Is Shaking Hands a Lost Art?
People have been shaking hands long before gladiators fought in the Colosseum. Find out why this greeting and gesture of confidence never goes out of style!
Before Zoom became a part of your job description and had you swiping right, shaking hands was the ultimate greeting for making a charming . You could tell so much about a person just from their handshake. The firmness, the movement, the eye contact – every single element can make or break a connection.
Now, the once-familiar custom is fading away into obscurity. It has given way to an awkward elbow bump that everyone secretly hates. But that doesn’t mean you should brush off the art of a good handshake.
Shaking Hands Is Hardwired in the Human Brain
Throughout centuries, handshakes have taken on various meanings. Historians believe the tradition dates to the 9th century BC, evidenced by a relief depicting Babylonian and Assyrian kings shaking hands. The Ancient Greeks and Romans similarly used this gesture to solidify agreements between equals. Meanwhile, knights in the Middle Ages clasped their opponent’s hands to show that they were unarmed and posed no threat to one another.
Fast forward to the modern era, and handshakes remain universally accepted as a mark of respect. How has such a humble gesture managed to withstand the test of time? Turns out, it’s our innate instinct.
Evolutionary biologist Ella Al-Shamahi, in her book The Handshake: A Gripping History, underscores that shaking people’s hands comes naturally to us. Her research reveals that chimps develop identical gestures to communicate, and since they share 98.8% of human DNA, it strongly suggests that shaking hands is encoded in our genetic makeup.
A Good Handshake Speaks Volumes
John Cena reportedly insists on nothing less than a handshake for greetings. And Lionel Messi’s comradely grip is thought to carry good luck. This seemingly small physical act is not just a way to be polite. It’s a tool to make a lasting impression, sending a message that you’re the man to follow.
Further, research indicates that a firm handshake showcases and friendliness. It triggers the brain’s reward center associated with touch with positive emotions. In other words, pressing palms with strangers can make you more likable.
The impact of a good handshake doesn’t stop there. According to the , extending your palm during a negotiation can significantly improve its outcome. This non-verbal interaction cements a foundation of trust and cooperation, setting the tone for a mutually beneficial exchange.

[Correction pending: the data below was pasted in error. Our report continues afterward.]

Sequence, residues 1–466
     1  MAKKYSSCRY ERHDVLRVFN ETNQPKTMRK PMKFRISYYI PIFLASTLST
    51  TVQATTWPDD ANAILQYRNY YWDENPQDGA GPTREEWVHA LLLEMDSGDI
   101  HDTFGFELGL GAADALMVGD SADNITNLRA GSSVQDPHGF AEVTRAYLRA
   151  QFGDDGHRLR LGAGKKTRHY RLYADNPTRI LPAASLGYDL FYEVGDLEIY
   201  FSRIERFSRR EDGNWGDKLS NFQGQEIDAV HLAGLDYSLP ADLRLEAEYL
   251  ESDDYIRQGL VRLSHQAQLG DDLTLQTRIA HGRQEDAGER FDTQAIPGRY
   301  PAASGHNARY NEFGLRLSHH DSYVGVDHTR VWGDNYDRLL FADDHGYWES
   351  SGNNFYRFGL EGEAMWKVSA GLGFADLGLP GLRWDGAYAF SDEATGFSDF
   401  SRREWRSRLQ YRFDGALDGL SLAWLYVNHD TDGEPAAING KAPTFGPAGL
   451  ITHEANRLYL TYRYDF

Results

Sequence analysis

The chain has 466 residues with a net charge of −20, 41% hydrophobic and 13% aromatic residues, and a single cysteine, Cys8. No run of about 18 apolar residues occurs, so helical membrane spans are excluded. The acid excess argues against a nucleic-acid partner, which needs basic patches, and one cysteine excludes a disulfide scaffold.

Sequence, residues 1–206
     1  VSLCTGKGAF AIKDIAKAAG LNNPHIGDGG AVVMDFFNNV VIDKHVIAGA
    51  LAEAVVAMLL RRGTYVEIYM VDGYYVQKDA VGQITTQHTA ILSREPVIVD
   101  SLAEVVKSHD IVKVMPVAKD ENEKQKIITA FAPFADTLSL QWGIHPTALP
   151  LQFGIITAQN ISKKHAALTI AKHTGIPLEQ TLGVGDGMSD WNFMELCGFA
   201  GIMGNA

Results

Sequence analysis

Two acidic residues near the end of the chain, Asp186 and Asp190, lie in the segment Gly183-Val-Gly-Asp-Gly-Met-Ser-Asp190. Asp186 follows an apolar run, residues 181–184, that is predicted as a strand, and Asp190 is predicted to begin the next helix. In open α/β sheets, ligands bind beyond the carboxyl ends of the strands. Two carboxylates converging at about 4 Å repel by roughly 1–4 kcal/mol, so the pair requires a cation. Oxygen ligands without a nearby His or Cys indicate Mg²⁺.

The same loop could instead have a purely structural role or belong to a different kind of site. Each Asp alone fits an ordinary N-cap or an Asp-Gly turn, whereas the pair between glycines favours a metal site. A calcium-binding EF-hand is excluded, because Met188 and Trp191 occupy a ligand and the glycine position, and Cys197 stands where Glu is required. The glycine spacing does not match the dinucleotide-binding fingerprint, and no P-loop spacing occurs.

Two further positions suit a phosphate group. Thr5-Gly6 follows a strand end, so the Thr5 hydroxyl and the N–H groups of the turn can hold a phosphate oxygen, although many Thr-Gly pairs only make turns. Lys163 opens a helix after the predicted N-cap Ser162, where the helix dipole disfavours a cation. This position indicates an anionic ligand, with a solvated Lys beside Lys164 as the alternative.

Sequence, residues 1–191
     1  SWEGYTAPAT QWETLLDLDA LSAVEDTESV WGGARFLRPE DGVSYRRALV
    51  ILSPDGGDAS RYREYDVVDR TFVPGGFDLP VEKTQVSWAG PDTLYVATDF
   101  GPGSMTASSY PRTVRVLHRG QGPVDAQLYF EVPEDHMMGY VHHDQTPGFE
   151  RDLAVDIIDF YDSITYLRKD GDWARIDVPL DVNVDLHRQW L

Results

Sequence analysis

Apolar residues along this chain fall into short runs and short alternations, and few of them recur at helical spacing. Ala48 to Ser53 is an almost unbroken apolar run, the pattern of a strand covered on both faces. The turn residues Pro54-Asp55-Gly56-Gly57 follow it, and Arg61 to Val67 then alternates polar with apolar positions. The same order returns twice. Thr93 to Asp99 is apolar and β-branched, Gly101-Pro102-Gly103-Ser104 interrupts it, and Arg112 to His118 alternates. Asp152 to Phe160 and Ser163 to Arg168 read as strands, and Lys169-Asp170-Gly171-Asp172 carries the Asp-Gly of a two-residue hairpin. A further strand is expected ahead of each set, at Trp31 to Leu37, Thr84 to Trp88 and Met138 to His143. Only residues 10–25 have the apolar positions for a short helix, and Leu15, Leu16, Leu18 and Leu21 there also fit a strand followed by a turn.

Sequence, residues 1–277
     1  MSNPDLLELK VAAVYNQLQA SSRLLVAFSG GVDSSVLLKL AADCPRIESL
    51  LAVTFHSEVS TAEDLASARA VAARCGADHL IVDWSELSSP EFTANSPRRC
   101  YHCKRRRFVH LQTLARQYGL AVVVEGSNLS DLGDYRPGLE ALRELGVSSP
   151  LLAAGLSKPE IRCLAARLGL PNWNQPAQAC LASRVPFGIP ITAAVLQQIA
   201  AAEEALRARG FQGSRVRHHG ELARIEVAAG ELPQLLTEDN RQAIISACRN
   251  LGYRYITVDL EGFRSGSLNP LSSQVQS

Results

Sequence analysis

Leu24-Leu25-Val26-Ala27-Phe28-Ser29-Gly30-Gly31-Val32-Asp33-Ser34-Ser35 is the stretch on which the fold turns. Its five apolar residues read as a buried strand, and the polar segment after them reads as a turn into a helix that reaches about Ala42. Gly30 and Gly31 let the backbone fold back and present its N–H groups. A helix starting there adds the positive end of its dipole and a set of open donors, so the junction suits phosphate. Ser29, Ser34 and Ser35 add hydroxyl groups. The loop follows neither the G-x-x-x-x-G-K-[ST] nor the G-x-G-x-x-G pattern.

If you’re currently searching for a new job, shaking hands can help you . Researchers at the University of Iowa revealed that are more likely to secure an offering letter versus those with a feeble grip – all the more reason to step up your handshake game.
Can Handshakes Make a Comeback?
You can send emojis, do the Wakandan salute, or opt for the namaste, but nothing is more effective than a palm-to-palm squeeze. It’s more polite than a simple nod and less invasive than a hug. Even after the debacle surrounding infectious diseases, the 3,000-year-old practice has proved its resilience. It was never dead. It only took a hiatus.
Now that we’re entering the handshake renaissance, there are a few things to remember. At the forefront is hand sanitation. This not only protects you but also prevents you from going in with .
Before and after shaking hands, wash your palms and fingers with Lifebuoy Antibacterial Handwash Total 10. The unique Activ Silver+ ingredient fights 99.9% of disease-causing germs, providing you 10x more protection than other soaps. You can also use Lifebuoy Antibacterial Soap Total 10, which boasts the same formula, to clean your body from the neck down.
Now that you’re squeaky clean, remember the fine line between a bone-crushing and dead-fish shake. Imagine squeezing a half-cut lemon without spilling any juice. As far as movement goes, use your elbows, not your wrists! Another thing to remember when shaking hands? Eye contact. Follow all these and you’re well on your way to becoming the handshake master.